My ICU patient with acute hypoxaemic respiratory failure is immunocompromised: Results from the EFRAIM study
EJRC Article Review
Over the past decades, the number of immunosuppressed patients admitted to ICUs has increased. This may be the consequence of increased use of chemotherapy, bone marrow and solid organ transplantation, as well as the increased life expectancy of patients with different solid tumours (1, 2). Acute respiratory failure (ARF) is the leading cause of ICU admission for these patients and its management may be challenging starting from the diagnosis of its aetiology to the selection of the least dangerous method to treat hypoxia (1).
The EFRAIM study was a multinational prospective cohort study, which enrolled 1611 immunocompromised patients from 68 ICUs. Patients were affected by a non-AIDS related immune deficiency (haematologic or solid tumours, solid organ transplant and steroids/immunosuppressive therapy) and hypoxaemic ARF (3). Primary endpoints were the need for invasive mechanical ventilation (IMV) for patients not intubated at ICU admission, and all-cause hospital mortality.
Thirty-seven patients were intubated at ICU admission and received IMV, while 54.2% received standard oxygen, 20.4% high-flow nasal cannula (HFNC), 16.7% noninvasive ventilation (NIV) and 8.6% received both HFNC and NIV. After propensity score matching, only HFNC, not NIV had an effect on IMV rate (HR 0.77, 95% CI 0.59 – 1.00), but the authors did not identify any association between the adopted oxygenation strategy and mortality rate. However, when HFNC failed and IMV was required, authors observed the highest odds for mortality [5.54 (3.27 – 9.38)] compared with IMV following failure of other oxygenation strategies [OR for NIV failure 4.16 (2.91 – 5.93)]. Cause of ARF was undetermined in approximately 13% of cases and this patient group was at higher risk for intubation and death compared to other (recognised) ARF aetiologies (3). The higher risk of mortality may be the result of failure to provide adequate treatment for unidentified pathogens or failure to recognise an atypical pulmonary involvement of the underlying disease.
Recently, Lemiale and colleagues compared the use of NIV to oxygen therapy in immunocompromised patients with ARF showing a lack of benefit of early NIV for mortality reduction at 28-days (4). However, this trial had different limitations. Indeed the mortality of the control group was unexpectedly low leading to an inadequate study power. HFNC was used in almost 40% of overall patients, especially in the oxygen group, probably leading to a dilution of the NIV effect (4). Finally, NIV was used for a median duration of respectively 8, 6 and 5 hours during the first three days from randomisation, which has been considered inadequately low according to current practice in different centres (5). Available evidence seems to reconsider the role of NIV for immunocompromised patients given the lack of benefit over HFNC and probably standard oxygen. The potential of self-inflicted lung injury (i.e. lung injury sustained by high transpulmonary pressure in a spontaneously breathing patient) has been claimed as a potential contributor of declined oxygenation and even increased mortality of NIV compared to HFNC and standard oxygen (6). Undetermined cause of ARF was independently associated with an increased intubation rate and IMV (which are by themselves risk factors for mortality). However, lack of recognition of ARF aetiology may lead to increased hospital mortality per se (3).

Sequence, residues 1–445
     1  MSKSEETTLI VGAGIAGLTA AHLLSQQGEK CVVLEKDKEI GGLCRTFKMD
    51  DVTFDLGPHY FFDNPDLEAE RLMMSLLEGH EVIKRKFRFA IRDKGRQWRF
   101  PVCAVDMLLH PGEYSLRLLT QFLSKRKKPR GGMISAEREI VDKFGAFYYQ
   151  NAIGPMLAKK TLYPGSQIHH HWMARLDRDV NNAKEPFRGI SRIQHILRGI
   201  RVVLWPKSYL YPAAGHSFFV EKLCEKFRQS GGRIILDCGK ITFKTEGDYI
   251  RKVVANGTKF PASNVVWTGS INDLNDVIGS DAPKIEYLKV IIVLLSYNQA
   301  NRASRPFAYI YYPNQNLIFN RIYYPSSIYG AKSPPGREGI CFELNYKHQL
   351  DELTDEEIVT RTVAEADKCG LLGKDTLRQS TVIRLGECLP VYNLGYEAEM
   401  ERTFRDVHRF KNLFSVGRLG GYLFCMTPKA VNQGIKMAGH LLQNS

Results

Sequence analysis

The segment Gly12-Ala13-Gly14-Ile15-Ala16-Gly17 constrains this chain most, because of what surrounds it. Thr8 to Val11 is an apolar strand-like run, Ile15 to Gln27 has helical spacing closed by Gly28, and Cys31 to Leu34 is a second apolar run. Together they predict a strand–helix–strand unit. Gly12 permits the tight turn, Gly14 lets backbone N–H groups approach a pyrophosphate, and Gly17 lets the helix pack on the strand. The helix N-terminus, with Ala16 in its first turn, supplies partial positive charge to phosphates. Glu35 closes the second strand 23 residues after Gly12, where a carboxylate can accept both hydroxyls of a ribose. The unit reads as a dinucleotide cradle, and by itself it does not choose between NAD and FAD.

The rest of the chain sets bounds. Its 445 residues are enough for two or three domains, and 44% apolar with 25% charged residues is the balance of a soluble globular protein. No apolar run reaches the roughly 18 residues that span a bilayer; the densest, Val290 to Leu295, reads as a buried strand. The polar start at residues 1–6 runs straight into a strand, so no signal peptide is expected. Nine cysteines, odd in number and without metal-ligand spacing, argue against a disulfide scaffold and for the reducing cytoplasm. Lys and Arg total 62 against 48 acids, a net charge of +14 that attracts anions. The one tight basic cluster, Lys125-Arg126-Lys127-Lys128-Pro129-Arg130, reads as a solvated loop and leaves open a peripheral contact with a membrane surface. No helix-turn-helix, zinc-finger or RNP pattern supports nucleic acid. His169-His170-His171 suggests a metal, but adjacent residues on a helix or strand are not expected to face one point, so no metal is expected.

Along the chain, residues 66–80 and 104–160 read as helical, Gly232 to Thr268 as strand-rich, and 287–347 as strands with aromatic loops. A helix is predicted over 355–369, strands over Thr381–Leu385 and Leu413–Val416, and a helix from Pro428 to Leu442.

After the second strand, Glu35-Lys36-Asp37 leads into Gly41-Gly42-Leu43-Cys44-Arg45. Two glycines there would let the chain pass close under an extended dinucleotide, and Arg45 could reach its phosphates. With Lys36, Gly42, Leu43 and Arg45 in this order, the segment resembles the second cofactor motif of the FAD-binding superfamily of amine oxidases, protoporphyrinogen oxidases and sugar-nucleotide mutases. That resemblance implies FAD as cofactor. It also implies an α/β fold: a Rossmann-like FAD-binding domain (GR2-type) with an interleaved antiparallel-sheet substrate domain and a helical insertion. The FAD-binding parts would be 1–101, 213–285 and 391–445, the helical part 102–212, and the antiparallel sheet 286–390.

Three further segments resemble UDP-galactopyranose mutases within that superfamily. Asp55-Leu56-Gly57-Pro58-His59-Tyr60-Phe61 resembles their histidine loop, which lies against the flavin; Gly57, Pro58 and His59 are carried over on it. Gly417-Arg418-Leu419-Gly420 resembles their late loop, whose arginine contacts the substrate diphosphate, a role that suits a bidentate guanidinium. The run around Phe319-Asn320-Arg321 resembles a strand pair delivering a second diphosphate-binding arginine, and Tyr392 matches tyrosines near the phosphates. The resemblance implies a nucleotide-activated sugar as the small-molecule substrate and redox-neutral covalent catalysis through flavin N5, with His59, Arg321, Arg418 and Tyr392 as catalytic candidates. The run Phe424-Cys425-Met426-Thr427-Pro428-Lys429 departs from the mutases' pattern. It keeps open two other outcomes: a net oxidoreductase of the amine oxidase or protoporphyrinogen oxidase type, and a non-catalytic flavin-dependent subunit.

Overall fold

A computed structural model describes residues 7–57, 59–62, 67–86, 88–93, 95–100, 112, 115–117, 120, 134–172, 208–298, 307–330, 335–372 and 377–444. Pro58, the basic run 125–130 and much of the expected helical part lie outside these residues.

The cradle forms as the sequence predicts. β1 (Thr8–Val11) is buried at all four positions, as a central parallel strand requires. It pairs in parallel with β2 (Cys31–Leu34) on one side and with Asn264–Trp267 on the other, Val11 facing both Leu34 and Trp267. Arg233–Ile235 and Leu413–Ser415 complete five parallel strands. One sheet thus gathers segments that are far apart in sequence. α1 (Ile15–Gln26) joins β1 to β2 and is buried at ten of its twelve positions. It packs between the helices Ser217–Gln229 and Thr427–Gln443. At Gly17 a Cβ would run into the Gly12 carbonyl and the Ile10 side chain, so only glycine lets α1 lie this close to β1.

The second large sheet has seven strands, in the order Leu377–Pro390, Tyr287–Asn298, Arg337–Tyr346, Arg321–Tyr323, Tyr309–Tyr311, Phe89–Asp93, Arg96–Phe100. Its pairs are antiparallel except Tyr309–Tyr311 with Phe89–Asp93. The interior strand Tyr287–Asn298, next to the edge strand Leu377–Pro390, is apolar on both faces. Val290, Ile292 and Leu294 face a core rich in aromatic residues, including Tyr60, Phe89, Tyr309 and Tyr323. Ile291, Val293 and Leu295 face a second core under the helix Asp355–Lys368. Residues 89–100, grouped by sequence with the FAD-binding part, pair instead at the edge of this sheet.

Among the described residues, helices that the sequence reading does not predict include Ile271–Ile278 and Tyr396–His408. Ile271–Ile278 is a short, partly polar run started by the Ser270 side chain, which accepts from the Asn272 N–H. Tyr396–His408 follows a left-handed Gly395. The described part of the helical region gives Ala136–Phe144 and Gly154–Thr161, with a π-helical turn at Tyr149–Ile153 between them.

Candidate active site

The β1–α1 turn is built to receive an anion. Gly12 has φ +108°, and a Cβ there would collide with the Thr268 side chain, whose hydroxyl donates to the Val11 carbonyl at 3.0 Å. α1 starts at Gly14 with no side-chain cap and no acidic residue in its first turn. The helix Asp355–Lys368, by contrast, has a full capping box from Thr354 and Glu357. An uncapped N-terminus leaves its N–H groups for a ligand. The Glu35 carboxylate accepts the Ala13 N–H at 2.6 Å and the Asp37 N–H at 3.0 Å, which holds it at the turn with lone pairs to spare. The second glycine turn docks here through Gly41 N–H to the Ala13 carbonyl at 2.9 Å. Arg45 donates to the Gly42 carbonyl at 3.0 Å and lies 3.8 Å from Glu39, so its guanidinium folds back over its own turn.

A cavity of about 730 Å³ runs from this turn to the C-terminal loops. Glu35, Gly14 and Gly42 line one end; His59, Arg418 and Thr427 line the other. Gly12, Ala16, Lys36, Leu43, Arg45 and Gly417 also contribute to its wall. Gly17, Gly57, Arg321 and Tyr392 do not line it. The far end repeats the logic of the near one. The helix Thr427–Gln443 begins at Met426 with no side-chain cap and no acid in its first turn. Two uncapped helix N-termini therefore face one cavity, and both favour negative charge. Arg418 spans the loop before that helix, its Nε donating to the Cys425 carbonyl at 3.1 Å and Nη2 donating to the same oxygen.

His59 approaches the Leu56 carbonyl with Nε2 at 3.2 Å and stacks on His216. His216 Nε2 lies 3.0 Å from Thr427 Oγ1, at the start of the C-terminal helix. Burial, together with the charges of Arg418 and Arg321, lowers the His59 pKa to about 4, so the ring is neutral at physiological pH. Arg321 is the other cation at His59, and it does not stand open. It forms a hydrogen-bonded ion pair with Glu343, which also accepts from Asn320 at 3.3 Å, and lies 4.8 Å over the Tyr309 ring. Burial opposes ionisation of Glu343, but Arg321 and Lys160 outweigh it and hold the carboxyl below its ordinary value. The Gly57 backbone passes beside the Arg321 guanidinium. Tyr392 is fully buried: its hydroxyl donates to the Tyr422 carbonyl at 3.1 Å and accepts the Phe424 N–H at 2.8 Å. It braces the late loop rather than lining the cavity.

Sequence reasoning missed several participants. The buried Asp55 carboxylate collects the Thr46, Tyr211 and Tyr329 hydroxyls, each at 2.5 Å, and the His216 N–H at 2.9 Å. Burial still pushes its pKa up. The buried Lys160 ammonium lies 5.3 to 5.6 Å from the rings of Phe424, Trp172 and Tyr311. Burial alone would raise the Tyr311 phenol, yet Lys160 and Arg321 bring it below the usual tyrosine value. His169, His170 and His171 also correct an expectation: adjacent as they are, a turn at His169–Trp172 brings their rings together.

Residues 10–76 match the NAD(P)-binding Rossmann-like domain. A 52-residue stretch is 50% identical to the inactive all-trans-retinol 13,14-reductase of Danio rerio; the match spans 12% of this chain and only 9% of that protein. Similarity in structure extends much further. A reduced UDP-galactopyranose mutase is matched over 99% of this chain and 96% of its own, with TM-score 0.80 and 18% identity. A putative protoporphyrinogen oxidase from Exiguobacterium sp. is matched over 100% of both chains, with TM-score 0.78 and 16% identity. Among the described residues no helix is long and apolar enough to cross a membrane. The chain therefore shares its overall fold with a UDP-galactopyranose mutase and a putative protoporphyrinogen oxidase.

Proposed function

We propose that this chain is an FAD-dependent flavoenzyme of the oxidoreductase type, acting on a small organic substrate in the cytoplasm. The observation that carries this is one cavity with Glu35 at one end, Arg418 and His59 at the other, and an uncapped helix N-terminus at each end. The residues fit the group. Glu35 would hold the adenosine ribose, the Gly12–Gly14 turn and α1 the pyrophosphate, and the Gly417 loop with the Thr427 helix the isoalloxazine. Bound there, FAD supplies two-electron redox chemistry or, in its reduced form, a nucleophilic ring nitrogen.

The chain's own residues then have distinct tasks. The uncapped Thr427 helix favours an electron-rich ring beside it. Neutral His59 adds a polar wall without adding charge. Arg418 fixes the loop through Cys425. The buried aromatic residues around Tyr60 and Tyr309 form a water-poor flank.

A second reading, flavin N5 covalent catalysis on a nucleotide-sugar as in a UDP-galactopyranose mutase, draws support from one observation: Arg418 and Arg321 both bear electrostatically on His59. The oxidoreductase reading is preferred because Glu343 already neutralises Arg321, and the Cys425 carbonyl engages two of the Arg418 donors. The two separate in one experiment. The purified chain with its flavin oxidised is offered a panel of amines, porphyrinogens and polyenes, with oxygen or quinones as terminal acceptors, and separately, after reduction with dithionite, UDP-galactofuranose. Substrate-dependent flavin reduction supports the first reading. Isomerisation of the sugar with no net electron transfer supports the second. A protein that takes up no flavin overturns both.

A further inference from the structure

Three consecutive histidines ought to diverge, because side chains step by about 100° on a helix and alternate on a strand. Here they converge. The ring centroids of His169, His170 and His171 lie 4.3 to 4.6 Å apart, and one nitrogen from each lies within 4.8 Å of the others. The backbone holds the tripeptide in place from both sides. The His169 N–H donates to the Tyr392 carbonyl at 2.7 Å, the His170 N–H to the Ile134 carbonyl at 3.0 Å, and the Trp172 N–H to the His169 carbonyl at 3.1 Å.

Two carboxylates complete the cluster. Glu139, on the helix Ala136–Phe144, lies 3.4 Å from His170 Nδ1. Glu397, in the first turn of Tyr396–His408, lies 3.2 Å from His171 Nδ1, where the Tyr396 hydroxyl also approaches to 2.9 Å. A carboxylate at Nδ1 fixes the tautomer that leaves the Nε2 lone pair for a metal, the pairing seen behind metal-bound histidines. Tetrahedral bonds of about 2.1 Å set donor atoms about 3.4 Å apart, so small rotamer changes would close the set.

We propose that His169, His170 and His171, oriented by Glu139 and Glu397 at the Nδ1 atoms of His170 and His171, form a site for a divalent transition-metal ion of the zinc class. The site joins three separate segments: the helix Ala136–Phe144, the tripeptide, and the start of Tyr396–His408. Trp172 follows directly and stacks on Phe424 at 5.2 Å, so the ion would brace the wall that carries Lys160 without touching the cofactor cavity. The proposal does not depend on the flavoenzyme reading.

Take Home Message
So what are the management goals of hypoxic immunosuppressed patients?
There remains no clear evidence support NIV over oxygen in the attempt to avoid intubation. Clinicians, on the other hand, may consider intubation for diagnostic purposes (e.g. bronchoalveolar lavage), but it is not clear whether efforts to reach a diagnosis outweigh the risks associated with intubation and IMV. A powered randomised study is needed to provide data for these challenging, unanswered questions.
This article review was prepared and submitted by EJRC member Vincenzo Russotto, Department of Emergency and Intensive Care. University Hospital San Gerardo, Monza, Italy.
- Hui-Bin Huang, Biao Xu, Guang-Yun Liu et al. Use of noninvasive ventilation in immunocompromised patients with acute respiratory failure: a systematic review and meta-analysis. Crit Care 2017; 21:4
- Salvadori M, Bertoni E. What’s new in clinical solid organ transplantation by 2013. World J Transplant. 2014;4(4):243–66
- Azoulay E, Pickkers P, Soares M et al. Acute hypoxemic respiratory failure in immunocompromised patients: the Efraim multinational prospective cohort study. Intensive Care Med 2017;(12): 1808-19 (FREE ACCESS LINK)
- Lemiale V, Mokart D, Resche-Rigon M, et al. Effect of noninvasive ventilation vs oxygen therapy on mortality among immunocompromised patients with acute respiratory failure. JAMA. 2015;314(16):1711.
- Navalesi P, Gregoretti C, Antonelli M. Noninvasive Ventilation and Outcomes Among Immunocompromised Patients. JAMA. 2016;315(17):1902
- Frat JP, Thille AW, Alain M. High-Flow Oxygen through Nasal Cannula in Acute Hypoxaemic Respiratory Failure. N Engl J Med 2015; 372:2185-2196
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